Posted on January 17, 2014
Tennesseans didn't send me to Washington to rubber-stamp the majority leader's ideas -- not this majority leader or any majority leader. Tennesseans sent me here to represent them and to advocate their point of view and to give them a say on Obamacare, on balancing the budget, on growing the economy so the unemployed can find jobs, and so on.
Last year, the Senate Democratic majority invoked the so-called “nuclear option,” breaking the Senate rules in order to get rid of the filibuster for presidential nominations (except for Supreme Court nominees). That means President Obama’s nominees can ignore the questions and concerns that Republican senators raise – the questions Tennesseans sent me here to ask.
On Jan. 6, Senate Democratic Leader Harry Reid brought up the issue of unemployment compensation. He followed last year’s raw exercise of partisan political power by bringing up legislation that hasn't been considered by a committee, and when he put it on the floor, he cut off amendments, debate, and votes.
Serving in the Senate has become like being asked to join the Grand Ole Opry and not being allowed to sing. We should be debating the major issues facing our country; instead, the Senate is a one-man show, orchestrated by the White House.
I am sure Democrats don’t want to talk about Obamacare being one of the reasons so many people are unemployed. I wouldn't if I voted for it, but the Senate is the forum in which we debate these issues.
Reid is destroying the Senate, once described as “the one touch of authentic genius in the American political system.”
In their 2013 book, “The American Senate: An Insider’s History,” former Senate historian Richard A. Baker and the late Neil MacNeil say the principal source of this “genius” has been the opportunity for extended debate. If 60 of 100 senators must agree to end debate, usually this encourages consensus on crucial issues.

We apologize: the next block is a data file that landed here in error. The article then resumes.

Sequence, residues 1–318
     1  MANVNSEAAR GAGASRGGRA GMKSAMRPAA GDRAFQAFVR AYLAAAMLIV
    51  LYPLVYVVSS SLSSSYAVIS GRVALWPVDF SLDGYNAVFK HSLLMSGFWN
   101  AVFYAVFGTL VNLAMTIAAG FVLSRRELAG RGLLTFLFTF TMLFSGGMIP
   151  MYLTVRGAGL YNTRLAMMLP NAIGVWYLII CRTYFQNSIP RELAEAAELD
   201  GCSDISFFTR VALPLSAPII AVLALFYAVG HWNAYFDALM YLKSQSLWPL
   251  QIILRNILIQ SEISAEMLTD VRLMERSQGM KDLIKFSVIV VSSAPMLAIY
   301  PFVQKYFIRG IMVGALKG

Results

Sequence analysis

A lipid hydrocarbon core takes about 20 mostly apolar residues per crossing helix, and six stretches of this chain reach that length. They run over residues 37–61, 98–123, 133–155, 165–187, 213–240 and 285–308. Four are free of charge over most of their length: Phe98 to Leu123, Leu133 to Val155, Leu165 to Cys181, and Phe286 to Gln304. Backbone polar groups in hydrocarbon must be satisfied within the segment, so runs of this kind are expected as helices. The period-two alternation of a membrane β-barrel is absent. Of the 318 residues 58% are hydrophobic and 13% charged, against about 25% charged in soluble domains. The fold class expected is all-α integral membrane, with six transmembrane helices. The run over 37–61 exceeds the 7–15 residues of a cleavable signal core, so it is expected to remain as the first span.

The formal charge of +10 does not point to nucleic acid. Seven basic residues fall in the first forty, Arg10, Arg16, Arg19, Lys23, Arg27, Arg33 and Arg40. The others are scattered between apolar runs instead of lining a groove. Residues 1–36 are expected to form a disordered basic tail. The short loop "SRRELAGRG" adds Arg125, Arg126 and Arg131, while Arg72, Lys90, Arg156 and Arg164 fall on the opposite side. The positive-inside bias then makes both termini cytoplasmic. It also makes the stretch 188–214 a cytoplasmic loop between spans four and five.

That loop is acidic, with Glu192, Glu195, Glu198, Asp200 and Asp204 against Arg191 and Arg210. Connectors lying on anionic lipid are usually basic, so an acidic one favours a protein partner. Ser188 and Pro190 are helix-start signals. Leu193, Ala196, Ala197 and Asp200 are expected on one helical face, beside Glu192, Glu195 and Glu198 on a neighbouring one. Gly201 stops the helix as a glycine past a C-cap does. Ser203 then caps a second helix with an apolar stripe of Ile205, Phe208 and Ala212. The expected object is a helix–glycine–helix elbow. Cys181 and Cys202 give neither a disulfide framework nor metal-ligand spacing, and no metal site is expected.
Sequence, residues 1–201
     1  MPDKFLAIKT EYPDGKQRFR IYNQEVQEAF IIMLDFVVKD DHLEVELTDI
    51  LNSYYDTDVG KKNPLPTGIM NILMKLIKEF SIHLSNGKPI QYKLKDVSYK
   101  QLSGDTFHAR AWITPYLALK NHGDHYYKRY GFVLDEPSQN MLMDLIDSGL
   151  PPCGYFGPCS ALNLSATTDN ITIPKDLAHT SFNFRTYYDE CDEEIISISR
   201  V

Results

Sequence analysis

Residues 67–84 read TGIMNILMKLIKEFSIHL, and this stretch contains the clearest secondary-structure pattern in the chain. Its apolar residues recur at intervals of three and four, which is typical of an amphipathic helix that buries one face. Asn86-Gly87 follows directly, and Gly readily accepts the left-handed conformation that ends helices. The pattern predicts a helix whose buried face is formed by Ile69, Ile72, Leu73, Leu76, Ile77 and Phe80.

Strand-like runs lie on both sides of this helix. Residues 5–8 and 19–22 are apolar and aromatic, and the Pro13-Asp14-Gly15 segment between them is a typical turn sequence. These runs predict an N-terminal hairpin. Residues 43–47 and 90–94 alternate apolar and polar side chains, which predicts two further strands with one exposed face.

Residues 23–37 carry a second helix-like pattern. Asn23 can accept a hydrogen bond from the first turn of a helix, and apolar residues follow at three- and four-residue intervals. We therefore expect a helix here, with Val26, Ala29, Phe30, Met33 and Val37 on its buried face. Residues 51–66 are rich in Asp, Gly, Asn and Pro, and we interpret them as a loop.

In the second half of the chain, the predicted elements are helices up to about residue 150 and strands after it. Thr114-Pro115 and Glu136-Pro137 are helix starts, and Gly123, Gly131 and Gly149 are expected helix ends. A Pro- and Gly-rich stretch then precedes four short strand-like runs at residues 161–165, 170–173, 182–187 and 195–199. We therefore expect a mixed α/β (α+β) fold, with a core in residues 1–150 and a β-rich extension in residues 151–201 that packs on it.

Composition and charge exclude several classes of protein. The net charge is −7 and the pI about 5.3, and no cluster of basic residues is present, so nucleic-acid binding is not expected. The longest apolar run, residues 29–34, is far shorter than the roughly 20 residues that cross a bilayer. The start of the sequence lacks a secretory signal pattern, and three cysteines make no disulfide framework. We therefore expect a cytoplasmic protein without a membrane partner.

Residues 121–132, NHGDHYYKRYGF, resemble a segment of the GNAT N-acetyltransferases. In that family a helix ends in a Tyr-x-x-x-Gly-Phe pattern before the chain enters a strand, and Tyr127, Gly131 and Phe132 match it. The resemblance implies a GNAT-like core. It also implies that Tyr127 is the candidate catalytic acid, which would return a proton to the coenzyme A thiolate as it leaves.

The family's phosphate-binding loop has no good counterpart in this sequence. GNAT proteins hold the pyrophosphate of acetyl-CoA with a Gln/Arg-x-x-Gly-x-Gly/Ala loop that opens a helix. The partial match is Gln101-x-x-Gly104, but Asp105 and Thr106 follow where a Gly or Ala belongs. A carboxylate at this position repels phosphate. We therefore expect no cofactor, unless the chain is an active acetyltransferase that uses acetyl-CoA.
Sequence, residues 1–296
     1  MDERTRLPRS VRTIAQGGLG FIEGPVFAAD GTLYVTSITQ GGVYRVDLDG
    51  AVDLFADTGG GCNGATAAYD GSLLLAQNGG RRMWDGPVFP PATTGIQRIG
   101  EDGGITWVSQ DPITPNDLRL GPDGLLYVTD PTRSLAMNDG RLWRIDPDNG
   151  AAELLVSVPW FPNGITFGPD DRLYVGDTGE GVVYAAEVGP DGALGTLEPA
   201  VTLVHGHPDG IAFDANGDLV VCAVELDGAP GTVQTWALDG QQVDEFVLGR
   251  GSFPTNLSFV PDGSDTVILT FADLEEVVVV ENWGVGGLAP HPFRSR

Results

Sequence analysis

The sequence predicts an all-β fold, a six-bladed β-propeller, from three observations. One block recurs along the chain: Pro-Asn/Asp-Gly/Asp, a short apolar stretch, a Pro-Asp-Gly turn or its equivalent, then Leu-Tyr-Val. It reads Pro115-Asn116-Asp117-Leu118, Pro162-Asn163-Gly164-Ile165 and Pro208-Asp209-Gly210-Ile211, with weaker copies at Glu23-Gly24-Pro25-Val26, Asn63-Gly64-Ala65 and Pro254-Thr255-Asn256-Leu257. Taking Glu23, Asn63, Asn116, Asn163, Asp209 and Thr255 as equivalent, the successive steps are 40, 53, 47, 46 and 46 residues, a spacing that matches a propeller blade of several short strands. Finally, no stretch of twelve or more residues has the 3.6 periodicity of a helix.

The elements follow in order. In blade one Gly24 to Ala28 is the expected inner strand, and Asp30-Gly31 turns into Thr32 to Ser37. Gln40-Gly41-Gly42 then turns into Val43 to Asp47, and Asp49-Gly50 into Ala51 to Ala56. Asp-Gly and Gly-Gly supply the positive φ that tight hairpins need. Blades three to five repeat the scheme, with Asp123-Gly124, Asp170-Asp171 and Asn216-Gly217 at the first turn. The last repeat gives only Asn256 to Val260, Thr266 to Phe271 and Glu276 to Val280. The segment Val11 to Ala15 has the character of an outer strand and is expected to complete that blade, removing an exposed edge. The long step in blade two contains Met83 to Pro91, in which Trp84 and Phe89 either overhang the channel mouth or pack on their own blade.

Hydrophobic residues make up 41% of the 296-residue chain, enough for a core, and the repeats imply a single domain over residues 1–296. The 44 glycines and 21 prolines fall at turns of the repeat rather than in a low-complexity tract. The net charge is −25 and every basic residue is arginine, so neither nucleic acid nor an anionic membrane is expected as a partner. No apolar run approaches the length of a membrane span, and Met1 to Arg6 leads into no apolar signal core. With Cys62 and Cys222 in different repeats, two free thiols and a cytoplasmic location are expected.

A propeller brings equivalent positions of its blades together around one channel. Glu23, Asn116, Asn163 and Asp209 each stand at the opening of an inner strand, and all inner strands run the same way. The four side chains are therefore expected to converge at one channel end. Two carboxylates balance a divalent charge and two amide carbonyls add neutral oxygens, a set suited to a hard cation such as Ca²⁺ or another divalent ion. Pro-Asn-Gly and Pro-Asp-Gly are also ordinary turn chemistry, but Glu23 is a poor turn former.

Our rules that require consensus building still work - if we let them. I think of the legislation I introduced that deals with the terrifying fungal meningitis outbreak that killed 16 Tennesseans and made many others sick. This legislation to make drugs safer went through the committee process, through both Houses, and eventually passed unanimously because we reached a consensus.
We govern a complex society with consensus, not by ramrodding partisan ideas through one body or the other. That is not the way to govern our country, particularly issues of fundamental importance like putting unemployed Americans back to work or reforming our nation’s health care system.
My hope is that Sen. Reid will recognize this and change his behavior. If he does not, I hope the American people take this into account when they cast their votes in November – and put six more Republicans in the Senate. Then we can restore this body to what the American people deserve and senators can present ideas on behalf of the people who elect us.